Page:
Area of investment and support

Area of investment and support: Higher Education Innovation Funding

The Higher Education Innovation Funding (HEIF) supports knowledge exchange between higher education providers and the wider world that benefits society and the economy.

Budget:
£260 million
Partners involved:
Research England (RE), Office for Students (OfS)

The scope and what we're doing

We provide funding for knowledge exchange via the £260 million Higher Education Innovation Funding (HEIF) to support and develop a broad range of knowledge-based interactions between higher education providers and the wider world, which results in benefits to the economy and society.

Aim

The aim is to create and sustain a range of knowledge exchange activities in response to demand across the economy and society.

It is designed to support and develop a broad range of knowledge-based interactions between higher education providers and the wider world, which results in economic and societal benefit to the UK.

What HEIF supports

HEIF supports and incentivises providers to work with business, public and third sector organisations, community bodies and the wider public, to exchange knowledge and increase the economic and societal benefit from their work.

In 2021 we commissioned analysis of financial and narrative data submitted by higher education providers through HEIF accountability and annual monitoring statements. Extracted data was used to explore trends in expenditure of HEIF funding and alignment with a number of themes. We also invited providers in receipt of HEIF to provide short case studies to demonstrate the value of HEIF.

We commission evidence from time to time to demonstrate the value delivered by our funding. This shows that HEIF provides a strong return on investment, with £8.30 generated for every £1 of funding. Further information on this evidence work can be viewed at the University Commercialisation and Innovation Policy Evidence Unit, including an Office for Students (OfS) commission looking at the key issues and methods for assessing the impact of this funding on student outcomes (PDF, 1869KB, University of Cambridge website).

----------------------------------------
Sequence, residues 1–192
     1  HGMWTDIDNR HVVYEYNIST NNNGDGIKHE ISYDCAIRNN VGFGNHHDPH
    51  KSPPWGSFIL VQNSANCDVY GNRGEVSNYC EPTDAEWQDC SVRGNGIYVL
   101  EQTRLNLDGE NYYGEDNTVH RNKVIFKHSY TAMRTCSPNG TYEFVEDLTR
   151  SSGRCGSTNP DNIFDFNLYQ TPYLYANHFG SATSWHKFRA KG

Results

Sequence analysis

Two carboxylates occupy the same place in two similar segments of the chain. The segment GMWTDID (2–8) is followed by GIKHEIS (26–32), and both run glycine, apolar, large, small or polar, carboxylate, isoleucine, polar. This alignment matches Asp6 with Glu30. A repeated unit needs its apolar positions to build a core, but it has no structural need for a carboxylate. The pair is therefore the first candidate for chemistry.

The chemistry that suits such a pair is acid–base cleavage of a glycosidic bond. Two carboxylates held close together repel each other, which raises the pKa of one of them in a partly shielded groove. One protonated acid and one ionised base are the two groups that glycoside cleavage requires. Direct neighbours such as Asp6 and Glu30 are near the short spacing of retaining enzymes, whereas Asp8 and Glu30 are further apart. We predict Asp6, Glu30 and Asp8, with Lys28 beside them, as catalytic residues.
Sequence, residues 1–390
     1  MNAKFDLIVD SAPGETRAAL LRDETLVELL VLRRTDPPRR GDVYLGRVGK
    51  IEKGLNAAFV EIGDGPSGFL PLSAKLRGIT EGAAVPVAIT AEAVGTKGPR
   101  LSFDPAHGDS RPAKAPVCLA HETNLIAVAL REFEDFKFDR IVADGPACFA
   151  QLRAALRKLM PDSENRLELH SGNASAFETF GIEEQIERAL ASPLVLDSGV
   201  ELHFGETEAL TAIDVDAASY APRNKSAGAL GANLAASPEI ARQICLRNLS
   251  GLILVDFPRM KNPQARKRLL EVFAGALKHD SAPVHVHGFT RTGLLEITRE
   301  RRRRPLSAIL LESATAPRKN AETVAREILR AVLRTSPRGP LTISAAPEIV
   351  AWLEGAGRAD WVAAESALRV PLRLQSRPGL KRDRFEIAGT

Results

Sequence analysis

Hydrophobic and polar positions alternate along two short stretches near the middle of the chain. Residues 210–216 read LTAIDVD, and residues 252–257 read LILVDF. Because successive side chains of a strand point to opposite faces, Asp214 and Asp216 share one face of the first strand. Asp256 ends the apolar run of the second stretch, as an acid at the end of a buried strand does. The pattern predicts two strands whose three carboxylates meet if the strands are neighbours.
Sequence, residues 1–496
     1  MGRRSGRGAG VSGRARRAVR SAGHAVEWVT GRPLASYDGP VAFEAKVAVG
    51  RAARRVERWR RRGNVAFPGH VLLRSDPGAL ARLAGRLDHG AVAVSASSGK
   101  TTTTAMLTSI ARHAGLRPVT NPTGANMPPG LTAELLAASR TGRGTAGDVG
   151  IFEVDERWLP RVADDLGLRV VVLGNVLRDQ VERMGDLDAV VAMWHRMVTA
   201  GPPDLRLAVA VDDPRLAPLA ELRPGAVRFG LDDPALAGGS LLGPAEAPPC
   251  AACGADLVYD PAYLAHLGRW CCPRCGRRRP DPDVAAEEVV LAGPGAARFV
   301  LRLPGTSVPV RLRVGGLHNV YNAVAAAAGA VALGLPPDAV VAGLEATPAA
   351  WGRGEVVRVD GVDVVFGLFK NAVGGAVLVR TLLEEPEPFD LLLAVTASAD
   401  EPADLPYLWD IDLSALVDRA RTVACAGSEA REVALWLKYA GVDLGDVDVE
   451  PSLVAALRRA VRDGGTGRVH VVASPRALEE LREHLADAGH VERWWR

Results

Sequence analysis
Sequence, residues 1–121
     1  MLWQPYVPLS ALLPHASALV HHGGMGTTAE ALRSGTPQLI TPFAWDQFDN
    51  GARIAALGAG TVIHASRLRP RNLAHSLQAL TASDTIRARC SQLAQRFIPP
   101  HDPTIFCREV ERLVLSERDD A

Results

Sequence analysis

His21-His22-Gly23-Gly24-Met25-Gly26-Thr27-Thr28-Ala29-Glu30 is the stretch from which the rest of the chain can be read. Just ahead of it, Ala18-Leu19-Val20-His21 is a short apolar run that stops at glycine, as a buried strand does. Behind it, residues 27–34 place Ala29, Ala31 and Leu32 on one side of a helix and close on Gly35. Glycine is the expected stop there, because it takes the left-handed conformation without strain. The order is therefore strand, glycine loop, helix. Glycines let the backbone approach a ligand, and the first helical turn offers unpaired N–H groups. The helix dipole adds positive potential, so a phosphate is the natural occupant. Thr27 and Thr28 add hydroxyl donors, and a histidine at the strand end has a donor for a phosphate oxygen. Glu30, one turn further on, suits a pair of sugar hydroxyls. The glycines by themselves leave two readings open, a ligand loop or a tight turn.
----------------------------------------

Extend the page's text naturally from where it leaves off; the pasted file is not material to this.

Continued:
Review of knowledge exchange funding

The BEIS funding and priorities letter 2021 to 2022 included guidance on our review of our knowledge exchange funding approaches.

Our review reflects the need to take account of development of the Knowledge Exchange Framework (KEF) and Knowledge Exchange Concordat. As well as that, it is good practice to review formula funding methods periodically.

We are now publishing a timetable and plans for review, taking account of latest government priorities and working with OfS.

Review of knowledge exchange funding: stakeholder engagement and evidence summary.

An evaluation of the HEIF programme

Research England will be commissioning an evaluation of their HEIF programme in the summer of 2022.

The HEIF evaluation expert advisory group was established in May 2021 to provide specific advice to Research England on the design and delivery of the full-scale evaluation of Research England’s HEIF programme.

Additional planned activity relating to the evaluation will be published in due course.

Group membership

The group membership is comprised of those from university senior management teams or those identified to have significant expertise in evaluation design and analysis and includes:

Alice Frost (Chair)

Knowledge Exchange Director, Research England

George Bramley

Principal Analyst, City-REDI, University of Birmingham

Tomas Coates Ulrichsen

Director, UCI Policy Evidence Unit, University of Cambridge

Professor Luke Georghiou

Deputy President and Deputy Vice-Chancellor, University of Manchester

Dr Phil Clare

Director of Innovation and Engagement, Research Services, University of Oxford

Dr Gemma Derrick

Associate Professor, School of Education, University of Bristol

Dr Efthymia Amanatidou

Honorary Senior Research Fellow, Manchester Institute of Innovation Research

Opportunities, support and resources available

How HEIF is allocated

The Higher Education Innovation Funding (HEIF) is allocated by formula to all eligible providers who meet the performance threshold, subject to acceptance by Research England of an accountability statement in 2021.